Pat Shingleton: "Kites and Checks..."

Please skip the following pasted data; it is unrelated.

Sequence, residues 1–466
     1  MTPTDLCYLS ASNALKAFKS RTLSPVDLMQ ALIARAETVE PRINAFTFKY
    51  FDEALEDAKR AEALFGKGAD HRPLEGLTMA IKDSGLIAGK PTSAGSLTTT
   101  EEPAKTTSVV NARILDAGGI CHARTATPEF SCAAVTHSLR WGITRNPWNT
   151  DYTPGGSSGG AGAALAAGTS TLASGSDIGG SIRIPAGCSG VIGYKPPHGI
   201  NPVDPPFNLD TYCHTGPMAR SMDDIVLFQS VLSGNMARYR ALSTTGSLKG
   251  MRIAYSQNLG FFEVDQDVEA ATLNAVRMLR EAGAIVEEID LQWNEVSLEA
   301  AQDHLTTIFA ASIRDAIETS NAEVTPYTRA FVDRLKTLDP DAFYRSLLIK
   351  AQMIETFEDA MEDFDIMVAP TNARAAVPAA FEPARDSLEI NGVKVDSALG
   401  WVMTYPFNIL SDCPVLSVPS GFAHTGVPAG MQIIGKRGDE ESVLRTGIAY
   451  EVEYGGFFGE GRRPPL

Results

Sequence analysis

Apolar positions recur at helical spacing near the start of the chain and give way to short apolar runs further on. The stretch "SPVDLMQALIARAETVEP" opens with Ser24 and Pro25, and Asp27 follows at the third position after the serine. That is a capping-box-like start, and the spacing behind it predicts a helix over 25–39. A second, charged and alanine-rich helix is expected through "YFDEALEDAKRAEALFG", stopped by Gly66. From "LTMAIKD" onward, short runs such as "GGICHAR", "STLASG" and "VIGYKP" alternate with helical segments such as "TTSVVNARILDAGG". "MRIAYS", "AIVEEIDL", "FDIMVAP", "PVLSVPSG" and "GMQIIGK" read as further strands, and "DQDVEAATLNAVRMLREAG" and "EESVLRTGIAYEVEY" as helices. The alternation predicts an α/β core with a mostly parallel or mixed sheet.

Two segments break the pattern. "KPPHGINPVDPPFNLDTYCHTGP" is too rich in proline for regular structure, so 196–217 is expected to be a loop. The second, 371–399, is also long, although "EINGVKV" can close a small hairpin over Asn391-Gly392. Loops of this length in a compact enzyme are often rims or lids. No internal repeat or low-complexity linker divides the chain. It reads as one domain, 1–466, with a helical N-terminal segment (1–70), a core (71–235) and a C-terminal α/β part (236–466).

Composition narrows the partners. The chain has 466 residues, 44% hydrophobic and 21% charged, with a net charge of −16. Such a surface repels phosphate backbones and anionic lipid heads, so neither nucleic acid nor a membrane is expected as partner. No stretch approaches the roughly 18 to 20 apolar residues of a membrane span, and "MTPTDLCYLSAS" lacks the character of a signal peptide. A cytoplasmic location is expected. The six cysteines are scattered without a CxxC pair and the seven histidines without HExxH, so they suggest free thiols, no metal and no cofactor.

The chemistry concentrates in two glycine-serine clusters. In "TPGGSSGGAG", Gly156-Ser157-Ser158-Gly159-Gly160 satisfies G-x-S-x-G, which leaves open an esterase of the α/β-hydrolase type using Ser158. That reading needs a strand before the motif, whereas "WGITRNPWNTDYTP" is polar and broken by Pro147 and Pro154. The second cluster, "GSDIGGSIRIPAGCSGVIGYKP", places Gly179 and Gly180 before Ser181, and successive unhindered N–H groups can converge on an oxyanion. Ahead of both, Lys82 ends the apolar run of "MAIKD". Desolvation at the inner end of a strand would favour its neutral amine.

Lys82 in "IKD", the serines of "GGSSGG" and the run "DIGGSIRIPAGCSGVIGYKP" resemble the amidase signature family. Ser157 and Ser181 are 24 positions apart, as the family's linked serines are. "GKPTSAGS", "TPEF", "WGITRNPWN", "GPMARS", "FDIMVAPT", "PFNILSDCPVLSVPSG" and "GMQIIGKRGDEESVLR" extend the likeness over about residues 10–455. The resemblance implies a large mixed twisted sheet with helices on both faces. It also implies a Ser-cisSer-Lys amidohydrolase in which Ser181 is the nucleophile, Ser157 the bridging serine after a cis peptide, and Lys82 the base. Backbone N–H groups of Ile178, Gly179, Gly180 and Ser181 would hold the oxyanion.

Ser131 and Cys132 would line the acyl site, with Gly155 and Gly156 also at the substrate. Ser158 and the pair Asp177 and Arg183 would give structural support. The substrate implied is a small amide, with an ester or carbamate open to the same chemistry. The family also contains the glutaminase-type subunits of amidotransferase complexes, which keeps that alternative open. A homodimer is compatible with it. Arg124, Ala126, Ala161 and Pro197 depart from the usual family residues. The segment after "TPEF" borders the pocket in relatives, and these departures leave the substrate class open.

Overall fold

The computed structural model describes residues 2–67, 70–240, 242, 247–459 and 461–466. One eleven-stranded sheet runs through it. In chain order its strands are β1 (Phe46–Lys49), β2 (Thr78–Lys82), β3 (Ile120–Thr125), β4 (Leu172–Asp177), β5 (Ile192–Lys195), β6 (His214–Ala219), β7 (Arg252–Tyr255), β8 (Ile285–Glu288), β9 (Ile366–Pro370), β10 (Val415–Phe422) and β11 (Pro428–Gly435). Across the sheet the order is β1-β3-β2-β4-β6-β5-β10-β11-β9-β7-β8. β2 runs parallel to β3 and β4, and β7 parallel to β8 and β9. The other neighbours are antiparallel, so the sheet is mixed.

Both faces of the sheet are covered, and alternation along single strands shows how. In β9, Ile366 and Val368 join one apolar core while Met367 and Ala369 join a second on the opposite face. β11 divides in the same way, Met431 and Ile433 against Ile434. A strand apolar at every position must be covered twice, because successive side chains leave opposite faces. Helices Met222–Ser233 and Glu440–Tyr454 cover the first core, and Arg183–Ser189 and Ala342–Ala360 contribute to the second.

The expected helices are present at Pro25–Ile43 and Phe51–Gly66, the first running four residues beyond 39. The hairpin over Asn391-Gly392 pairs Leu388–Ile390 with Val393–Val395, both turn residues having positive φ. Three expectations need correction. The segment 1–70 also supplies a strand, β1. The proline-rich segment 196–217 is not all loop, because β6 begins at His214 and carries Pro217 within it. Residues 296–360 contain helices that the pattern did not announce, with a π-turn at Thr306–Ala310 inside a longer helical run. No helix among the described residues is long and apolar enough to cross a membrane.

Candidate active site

I enjoyed a couple of days off last week and didn't forward a few columns. Over the weekend, Kite Fest Louisiane' had lower wind and a big episode of showers Saturday. In years past our beach trips included launching the kite. Aerodynamic design innovations have furthered kite flying to new "heights" that include multiple line maneuvering. The kite was first constructed in China, 2800 years ago, using silk and bamboo for a lightweight yet strong framework. In my early years, Nick Sudano's dad would construct our kites using sections of the Ellwood City Ledger glued to strips of balsa wood with a long tail for additional stability. March and April were perfect for kites as strong cold fronts provided northwest winds that kept our kites aloft for hours. In references to "wind," here's another item. On April 11, 1991 a cancelled check was sucked up by tornado in Stockton, Kansas. It was carried 223 miles to Robert Melcher's farm near Winnetoon, Nebraska. John Knox, an associate professor of geography at the University of Georgia, has researched airborne debris, carried by twisters, to better understand the intricacies of this weather phenomenon. Back then, Knox and his students categorized items by weight such as a Hackleburg, Alabama high school cheer leading jacket that flew 66 miles to Elkmont, Alabama, during a tornado outbreak. On April 27, 2011, more than 120 tornadoes caused 300 deaths across the South and retrieved items were compared to the direction of the storms. Regardless of weight, researchers determined that most of the debris fell slightly left of the storm's track. This research assisted in what is now known as a "debris field," now an additional component in tornado analysis. On a personal note, thanks to those that have responded to the many years that my column appeared in The Advocate. I deeply appreciate your feedback and your review of my weather-related items with great news to come, in the future, in that regard.